Gov. Nikki Haley on Monday signed a bill into law that advocates say will strengthen the state’s 47 public charter schools.
The legislation enables higher- education institutions to authorize charter schools, permits single-gender charter schools to operate and allows charter school students to participate in extracurricular activities at their neighborhood schools.
“It is a great day in South Carolina,” Haley said in a statement. “We will no longer settle for what we think education has to be, we will lead in this country on what education should be — and that means options, innovation and creativity.”
State Education Superintendent Mick Zais called it his chief legislative priority.
“Charter schools are not a magic bullet, but they are a tremendous step in the way to providing a personalized and customized education for every student — not a standardized and uniform education for every student,” Zais said at the ceremony at Greenville Technical Charter High School.
South Carolina has outpaced national growth in the number of charter school students served during the past five years. Nearly 18,000 students statewide attend charter schools.
Eight new schools will open this year, 13 have been submitted for 2013-14, and more than 30 planning groups are working on applications.
Charter schools are public schools, but they aren’t governed by the county school board.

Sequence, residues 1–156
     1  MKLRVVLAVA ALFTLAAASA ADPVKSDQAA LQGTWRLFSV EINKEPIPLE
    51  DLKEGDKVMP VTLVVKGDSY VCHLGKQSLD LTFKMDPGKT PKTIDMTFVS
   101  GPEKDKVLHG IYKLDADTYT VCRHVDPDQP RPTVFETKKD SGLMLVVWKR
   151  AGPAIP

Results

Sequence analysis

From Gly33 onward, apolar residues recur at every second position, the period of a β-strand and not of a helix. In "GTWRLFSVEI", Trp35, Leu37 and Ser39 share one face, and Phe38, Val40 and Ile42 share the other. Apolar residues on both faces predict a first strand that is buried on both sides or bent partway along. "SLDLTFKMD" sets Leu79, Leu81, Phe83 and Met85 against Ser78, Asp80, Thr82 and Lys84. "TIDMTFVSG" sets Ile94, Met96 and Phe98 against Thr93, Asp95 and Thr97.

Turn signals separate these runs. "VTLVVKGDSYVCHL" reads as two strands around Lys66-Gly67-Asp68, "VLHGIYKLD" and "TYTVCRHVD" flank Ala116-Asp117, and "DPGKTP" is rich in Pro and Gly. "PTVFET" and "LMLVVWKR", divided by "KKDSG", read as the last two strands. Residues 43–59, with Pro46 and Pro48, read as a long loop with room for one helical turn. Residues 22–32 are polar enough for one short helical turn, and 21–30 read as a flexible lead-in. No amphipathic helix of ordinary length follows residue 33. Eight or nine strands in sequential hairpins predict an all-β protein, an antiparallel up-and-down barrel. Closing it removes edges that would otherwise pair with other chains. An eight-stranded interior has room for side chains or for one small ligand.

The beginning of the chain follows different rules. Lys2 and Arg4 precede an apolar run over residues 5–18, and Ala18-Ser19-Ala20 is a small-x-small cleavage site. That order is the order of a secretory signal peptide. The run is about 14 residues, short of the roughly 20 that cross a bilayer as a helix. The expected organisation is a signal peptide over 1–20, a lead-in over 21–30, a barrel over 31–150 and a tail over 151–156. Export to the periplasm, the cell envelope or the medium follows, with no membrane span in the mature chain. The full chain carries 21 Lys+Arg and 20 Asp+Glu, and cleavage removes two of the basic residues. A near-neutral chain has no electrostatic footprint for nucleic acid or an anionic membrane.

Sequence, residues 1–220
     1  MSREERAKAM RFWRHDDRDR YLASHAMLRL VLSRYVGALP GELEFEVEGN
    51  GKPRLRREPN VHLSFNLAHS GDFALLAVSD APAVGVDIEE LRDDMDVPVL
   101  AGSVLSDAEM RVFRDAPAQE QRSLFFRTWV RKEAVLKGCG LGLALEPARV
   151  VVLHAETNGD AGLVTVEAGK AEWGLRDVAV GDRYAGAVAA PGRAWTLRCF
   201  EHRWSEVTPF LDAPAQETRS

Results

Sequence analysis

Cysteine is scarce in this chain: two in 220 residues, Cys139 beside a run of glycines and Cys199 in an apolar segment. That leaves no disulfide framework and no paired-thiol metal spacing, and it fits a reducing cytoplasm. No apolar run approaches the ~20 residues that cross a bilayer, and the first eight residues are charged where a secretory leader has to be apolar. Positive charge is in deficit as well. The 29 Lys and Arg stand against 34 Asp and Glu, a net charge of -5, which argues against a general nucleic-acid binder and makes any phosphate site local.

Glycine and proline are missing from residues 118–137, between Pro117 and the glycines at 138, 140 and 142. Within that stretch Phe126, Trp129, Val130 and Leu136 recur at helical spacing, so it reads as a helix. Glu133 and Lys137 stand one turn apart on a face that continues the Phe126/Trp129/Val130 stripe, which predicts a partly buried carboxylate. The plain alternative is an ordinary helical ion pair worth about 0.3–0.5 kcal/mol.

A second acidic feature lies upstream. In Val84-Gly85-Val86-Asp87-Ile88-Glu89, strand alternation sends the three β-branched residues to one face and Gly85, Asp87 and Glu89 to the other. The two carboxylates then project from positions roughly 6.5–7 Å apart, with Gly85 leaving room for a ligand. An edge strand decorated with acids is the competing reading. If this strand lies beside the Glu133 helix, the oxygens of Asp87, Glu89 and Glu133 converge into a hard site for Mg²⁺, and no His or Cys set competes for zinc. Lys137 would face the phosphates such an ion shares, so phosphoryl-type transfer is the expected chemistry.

They instead have separate boards to make decisions about the way they spend money and the curricula they offer.
Zais said charter schools are critical because they allow teachers freedom to teach in different ways. He said they are also more accountable because if they don’t meet parents’ expectations, they won’t stay open.
“A traditional school that fails gets more money,” Zais said. “A charter school that is not satisfactory closes.”
Haley said charter schools increase competition in education, which she said is just as important as competition in free markets.
“Competition is even more needed in education because it lifts the quality of the teachers. It lifts the options for the students and it allows the parents to see the accountability,” Haley said.
The governor said she hopes the bill is just the start of expanding education options in South Carolina, although she didn’t specify what she would like to see next.
“This is just the first step of what education can look like in South Carolina,” Haley said.